The Trimmit script operates on a separate 'temporary' or 'working' copy of the target bundle. This copy is placed in the temporary directory /tmp [/private/tmp]. As the copy is created junk files are filtered out if this is a user option. rsync is used to make the copy. If the user opted to trim junk files and extended attributes this is reported back to the wrapper.

# path to the 'working copy' of the app in /tmp
# create the working copy, excluding junk files if specified
/usr/bin/rsync -Ca${res-E} --exclude-from=- --delete-excluded "$dir/" $tmpapp <<<${junk + 'classes.nib

echo -n ${junk+"== Removing useless junk files.\n"}${res+"== Clearing extended attributes.\n"}

7. Getting Down To It

The script now switches to the directory of the temporary copy; failure here means permissions are still not adequate and the script will exit. [They should be OK at this point but entering the directory of the target is a prerequisite for performing any of the following operations; all system error codes must be checked at all times.]

# into our 'working copy'
cd $tmpapp || {echo "FAILED - check permissions."; /bin/rm -rf $tmpapp; exit}

8. Broken Symlinks

Some 'sloppy' software packages contain symbolic links to junk. Naturally even these symlinks are junk and are therefore removed.

# this removes broken symlinks (if 'remove junk' is set)
[[ -n $junk ]] && /bin/rm -fv **/*(-@N) 2>/dev/null

9. Unused Localisation Files

Localisation files are fine on the download but consume inordinate disk free space on arrival. If you're not going to be flipping your computer into twenty different languages ten times a day these files are only cramping your style. The snippet enumerates the 'language project' subdirectories in Resources and then eliminates the ones that don't conform to the system configuration.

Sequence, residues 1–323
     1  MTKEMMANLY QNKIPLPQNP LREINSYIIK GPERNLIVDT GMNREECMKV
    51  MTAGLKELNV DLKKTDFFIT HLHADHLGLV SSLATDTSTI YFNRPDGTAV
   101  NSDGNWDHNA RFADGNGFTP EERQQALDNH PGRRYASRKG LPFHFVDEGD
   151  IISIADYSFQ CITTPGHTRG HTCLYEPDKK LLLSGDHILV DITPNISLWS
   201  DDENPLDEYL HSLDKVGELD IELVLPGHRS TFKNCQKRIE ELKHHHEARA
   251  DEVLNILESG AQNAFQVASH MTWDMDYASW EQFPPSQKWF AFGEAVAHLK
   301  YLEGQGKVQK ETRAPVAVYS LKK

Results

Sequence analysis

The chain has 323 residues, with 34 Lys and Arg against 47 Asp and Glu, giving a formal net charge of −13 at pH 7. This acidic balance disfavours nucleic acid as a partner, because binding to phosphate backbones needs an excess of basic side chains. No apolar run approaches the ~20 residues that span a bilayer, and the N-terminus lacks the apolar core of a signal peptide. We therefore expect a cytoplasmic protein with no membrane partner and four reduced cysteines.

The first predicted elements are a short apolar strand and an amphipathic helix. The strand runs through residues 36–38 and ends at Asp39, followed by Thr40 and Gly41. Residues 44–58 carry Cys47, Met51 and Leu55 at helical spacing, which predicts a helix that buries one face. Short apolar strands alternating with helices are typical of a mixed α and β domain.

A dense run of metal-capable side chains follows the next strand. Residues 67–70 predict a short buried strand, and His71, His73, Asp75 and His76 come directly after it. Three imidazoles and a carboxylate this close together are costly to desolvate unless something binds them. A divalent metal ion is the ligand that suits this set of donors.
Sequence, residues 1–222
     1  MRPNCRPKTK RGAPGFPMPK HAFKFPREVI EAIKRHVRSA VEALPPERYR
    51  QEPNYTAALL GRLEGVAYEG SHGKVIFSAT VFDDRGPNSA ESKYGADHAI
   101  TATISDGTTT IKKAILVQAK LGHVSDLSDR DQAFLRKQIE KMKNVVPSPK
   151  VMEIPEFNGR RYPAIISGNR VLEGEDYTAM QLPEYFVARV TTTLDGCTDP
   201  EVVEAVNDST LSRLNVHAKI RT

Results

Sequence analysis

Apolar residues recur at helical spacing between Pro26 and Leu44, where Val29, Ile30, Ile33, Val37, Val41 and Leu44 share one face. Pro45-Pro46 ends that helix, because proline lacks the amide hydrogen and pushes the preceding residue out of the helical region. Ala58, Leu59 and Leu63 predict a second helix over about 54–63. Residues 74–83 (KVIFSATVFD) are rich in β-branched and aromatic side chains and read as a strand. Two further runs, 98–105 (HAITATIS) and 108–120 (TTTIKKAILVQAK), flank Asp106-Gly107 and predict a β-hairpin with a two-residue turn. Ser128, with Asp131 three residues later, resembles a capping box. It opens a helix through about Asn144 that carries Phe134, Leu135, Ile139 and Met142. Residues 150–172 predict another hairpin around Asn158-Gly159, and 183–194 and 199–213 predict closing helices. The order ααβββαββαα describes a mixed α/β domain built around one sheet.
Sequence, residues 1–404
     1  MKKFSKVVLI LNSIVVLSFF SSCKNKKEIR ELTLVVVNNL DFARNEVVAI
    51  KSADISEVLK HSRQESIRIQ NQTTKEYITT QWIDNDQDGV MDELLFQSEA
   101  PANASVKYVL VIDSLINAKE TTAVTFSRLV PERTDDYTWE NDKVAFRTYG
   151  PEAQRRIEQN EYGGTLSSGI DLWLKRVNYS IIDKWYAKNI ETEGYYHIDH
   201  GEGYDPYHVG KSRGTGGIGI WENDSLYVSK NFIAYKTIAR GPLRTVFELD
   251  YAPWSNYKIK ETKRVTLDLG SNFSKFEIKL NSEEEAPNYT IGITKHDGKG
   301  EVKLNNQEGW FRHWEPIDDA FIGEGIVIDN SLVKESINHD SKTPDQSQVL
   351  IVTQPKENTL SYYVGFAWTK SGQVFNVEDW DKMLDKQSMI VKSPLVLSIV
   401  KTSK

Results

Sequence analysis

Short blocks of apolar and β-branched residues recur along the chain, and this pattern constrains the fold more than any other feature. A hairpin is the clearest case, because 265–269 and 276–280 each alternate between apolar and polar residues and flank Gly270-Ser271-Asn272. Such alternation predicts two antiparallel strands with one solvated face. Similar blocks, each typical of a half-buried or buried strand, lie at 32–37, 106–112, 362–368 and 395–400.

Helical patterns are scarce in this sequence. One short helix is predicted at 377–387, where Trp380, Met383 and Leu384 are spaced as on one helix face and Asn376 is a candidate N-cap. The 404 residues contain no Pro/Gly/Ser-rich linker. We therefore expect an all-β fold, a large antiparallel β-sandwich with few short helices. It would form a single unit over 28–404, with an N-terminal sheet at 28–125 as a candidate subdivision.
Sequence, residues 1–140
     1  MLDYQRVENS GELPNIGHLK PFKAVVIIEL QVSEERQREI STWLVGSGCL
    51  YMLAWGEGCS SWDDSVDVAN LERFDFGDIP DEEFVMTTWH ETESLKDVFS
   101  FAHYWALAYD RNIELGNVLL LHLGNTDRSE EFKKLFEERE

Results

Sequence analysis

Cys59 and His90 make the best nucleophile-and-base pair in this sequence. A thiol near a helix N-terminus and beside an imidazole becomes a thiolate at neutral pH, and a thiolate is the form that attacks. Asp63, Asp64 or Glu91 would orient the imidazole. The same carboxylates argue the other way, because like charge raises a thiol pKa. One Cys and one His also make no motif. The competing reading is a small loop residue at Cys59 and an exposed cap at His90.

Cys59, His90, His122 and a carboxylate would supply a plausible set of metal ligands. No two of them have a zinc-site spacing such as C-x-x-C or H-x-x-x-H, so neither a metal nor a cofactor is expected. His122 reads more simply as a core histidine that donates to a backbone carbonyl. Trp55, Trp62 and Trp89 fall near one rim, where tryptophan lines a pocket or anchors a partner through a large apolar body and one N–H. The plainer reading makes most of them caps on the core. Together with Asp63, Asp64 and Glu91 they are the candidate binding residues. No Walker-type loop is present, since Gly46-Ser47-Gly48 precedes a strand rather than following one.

# remove foreign languages
[[ -n $lang ]] && {
    echo "== Clearing foreign languages."
    for line in **/Resources(/N); do
        integer count = "`print -l $line/*.lproj(/N) | wc -l`"
        ((count > 1)) && {
            integer left = "`eval print -l "${(q)line}/*.lproj~${(q)line}/($lang)*(/N)" | wc -l`"
            integer right = "`eval print -l "${(q)line}/*.lproj(N)" | wc -l`"
            ((left < right)) && eval /bin/rm -vrf "${(q)line}/(^($lang)*).lproj(/N)" | grep -v lproj/

10. Liposuction!

The Apple tool for removing binaries for unused (absent) CPU architectures is lipo - aptly named as these 'universal' binary globs were once called 'fat binaries' by NeXT.

This is also where the original Trimmit script hit a snag: Apple forgot to change the nomenclature from 'fat' to 'universal' on both PPC and Intel platforms. Today the Trimmit script takes care of both the 'new' Intel version and the 'deprecated' version still found on older PPC boxes.

# lipo universal binaries
[[ -n $arch ]] && {
    echo "== Trimming universal binaries."
    # get list of fat files
    lines = `/usr/bin/file **/*(*N) | /usr/bin/grep -e 'fat file' -e 'universal binary'
            | /usr/bin/sed -E 's/: *(set.id )?Mach.*//g'`

    # for each fat file...
    for line in ${(s.
    .)lines}; do
        # make sure we're "+w" (this may be unnecessary but safety first)
        [[ -w $line:h ]] || /bin/chmod ug+w $line:h;[[ -w $line ]] || /bin/chmod ug+w $line
        # output to 'log'
        echo "   -- '$line'"
        # do lipo to /tmp. '2>&1' means that error messages are printed the standard out (our logview)
        if /usr/bin/lipo $line -thin $arch -output "/tmp/${line:t}.lipo" 2>&1; then
            # Copy the lipo to the app
            /bin/cp "/tmp/${line:t}.lipo" $line 2>&1
            # Get rid of the temp lipo file
            /bin/chmod +w "/tmp/${line:t}.lipo" && /bin/rm -f "/tmp/${line:t}.lipo"

11. Debug Symbols